WASHINGTON – The chief of the U.S. Marine Corps says that a project to transfer its base in Okinawa is merely behind schedule, reiterating the view of the top U.S. military commander in the Pacific and contradicting the Japanese government’s position on the issue.
The project has been “delayed partly due to demonstrators and lack of support by the government of Okinawa,” Gen. Robert Neller, commandant of the Marine Corps, told a congressional hearing Wednesday.
Under a bilateral accord, Air Station Futenma is to be relocated to another area of the prefecture in Henoko.
Adm. Harry Harris, commander of the U.S. Pacific Command, told a separate congressional hearing last week that he expected the relocation plan would be delayed by two years until 2025.
The remarks prompted the Japanese government to “protest” to the U.S. side over the admiral’s remarks, according to Chief Cabinet Secretary Yoshihide Suga.
“We have never told the United States that there will be a delay in the Henoko relocation plan until 2025,” Suga told a parliamentary session, referring to the coastal area where the functions of the airfield in Ginowan is to be relocated.
The Japanese and U.S. governments agreed that the transfer and return of the land currently used for the Futenma base would take place by March 2023 at the earliest.
Neller made the remarks at the Senate Committee on Appropriations in an answer to a question by Sen. Brian Schatz, who said the Futenma relocation work was six to nine months behind.
Tokyo has already begun work on an airfield in the Henoko area, but progress has been hampered by tussles near the site between protesters attempting to block construction and law enforcement authorities.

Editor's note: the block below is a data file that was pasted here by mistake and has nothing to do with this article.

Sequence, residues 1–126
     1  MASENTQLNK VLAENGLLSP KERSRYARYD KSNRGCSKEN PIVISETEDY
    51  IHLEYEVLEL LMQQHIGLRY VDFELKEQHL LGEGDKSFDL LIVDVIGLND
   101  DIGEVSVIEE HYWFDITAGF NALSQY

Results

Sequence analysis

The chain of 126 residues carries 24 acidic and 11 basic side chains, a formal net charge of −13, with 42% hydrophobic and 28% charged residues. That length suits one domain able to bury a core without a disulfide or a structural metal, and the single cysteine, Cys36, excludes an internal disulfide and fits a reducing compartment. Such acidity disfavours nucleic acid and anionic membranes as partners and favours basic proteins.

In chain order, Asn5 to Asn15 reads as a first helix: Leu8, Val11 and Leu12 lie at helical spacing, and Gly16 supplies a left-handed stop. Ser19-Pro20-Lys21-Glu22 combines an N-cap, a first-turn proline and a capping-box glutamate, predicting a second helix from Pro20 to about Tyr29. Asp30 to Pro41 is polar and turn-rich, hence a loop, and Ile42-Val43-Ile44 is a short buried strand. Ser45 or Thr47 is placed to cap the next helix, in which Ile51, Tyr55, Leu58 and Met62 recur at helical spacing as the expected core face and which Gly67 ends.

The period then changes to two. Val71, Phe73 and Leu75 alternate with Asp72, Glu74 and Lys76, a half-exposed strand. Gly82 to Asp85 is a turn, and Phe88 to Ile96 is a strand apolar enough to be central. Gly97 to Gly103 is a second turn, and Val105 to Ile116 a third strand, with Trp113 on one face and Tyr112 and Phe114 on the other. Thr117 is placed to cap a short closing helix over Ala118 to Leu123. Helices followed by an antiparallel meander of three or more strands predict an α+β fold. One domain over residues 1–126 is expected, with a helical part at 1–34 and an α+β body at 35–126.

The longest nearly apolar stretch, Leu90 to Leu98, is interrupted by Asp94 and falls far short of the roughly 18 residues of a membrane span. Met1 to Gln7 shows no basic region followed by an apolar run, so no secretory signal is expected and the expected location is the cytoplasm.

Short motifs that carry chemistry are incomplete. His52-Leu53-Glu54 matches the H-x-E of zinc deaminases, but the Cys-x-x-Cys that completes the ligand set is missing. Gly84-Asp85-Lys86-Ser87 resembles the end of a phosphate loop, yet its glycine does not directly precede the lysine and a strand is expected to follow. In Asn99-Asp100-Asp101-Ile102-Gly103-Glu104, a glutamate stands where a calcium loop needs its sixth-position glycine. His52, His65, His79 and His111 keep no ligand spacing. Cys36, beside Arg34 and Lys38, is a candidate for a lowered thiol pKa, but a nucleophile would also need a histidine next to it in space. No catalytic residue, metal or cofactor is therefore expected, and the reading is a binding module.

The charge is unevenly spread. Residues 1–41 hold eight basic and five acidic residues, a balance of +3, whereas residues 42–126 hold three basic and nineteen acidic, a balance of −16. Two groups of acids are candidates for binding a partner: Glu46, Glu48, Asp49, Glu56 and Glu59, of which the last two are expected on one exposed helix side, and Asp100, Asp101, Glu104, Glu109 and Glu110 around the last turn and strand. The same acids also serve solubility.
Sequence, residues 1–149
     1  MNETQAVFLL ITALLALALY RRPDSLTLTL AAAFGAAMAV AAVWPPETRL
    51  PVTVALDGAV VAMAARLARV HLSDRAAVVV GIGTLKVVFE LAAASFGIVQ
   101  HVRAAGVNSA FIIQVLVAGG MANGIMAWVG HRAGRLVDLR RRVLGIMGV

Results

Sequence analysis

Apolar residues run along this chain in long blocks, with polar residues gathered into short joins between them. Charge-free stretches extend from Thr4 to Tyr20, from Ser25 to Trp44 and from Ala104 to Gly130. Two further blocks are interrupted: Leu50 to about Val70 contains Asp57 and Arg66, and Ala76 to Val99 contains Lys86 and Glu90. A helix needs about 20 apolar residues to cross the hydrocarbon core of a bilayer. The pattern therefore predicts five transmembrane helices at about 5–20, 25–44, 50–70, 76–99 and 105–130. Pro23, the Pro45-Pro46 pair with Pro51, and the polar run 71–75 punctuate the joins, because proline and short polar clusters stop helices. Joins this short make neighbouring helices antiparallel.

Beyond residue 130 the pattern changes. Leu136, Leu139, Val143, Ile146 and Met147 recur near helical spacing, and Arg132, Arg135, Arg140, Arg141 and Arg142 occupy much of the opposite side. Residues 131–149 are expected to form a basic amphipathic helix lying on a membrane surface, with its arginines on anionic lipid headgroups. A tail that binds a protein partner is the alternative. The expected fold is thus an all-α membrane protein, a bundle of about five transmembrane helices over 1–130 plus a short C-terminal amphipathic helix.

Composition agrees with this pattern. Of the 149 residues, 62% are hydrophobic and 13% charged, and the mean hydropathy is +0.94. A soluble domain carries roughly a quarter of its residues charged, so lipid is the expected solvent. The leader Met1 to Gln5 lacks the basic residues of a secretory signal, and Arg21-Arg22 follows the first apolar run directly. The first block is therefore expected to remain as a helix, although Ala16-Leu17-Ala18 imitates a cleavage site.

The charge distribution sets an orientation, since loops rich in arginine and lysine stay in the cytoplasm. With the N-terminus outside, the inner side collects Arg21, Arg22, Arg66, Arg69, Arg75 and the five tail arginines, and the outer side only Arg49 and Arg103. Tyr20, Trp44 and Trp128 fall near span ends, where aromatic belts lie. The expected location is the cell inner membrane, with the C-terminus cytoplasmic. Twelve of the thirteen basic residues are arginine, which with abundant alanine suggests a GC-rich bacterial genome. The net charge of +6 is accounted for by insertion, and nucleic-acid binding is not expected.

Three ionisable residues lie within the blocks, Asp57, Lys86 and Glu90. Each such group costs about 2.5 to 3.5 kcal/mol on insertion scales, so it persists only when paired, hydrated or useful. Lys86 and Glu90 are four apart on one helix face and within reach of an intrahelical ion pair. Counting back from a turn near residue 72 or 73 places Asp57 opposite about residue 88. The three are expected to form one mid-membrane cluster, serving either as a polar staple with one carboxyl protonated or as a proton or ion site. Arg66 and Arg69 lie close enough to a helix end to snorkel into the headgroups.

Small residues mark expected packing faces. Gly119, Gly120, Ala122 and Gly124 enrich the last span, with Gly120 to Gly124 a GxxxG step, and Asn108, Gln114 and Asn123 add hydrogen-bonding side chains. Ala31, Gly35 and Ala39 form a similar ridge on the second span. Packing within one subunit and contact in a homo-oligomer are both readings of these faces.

Tokyo and Washington came up with the relocation plan to reduce the burden on Okinawa, which hosts the bulk of U.S. military facilities in Japan, but Gov. Takeshi Onaga wants the Futenma base moved outside the island prefecture altogether.
During the committee session, Neller also expressed concerns about the impact of the planned transfer of Marines from Okinawa to Guam on their training.
“We do have concerns about our ability to train once we get there,” Neller said. “We have concerns about the strategic mobility and our ability to move and to go to other areas for training.”
At the same time, Neller stressed that there was no change in the U.S. policy to promote the transfer of Marines based on its agreement with Japan.
“There is a political decision that says the number of Marines is going to be reduced on the island of Okinawa, and so we are still committed to support that and do our part to make that happen,” Neller said.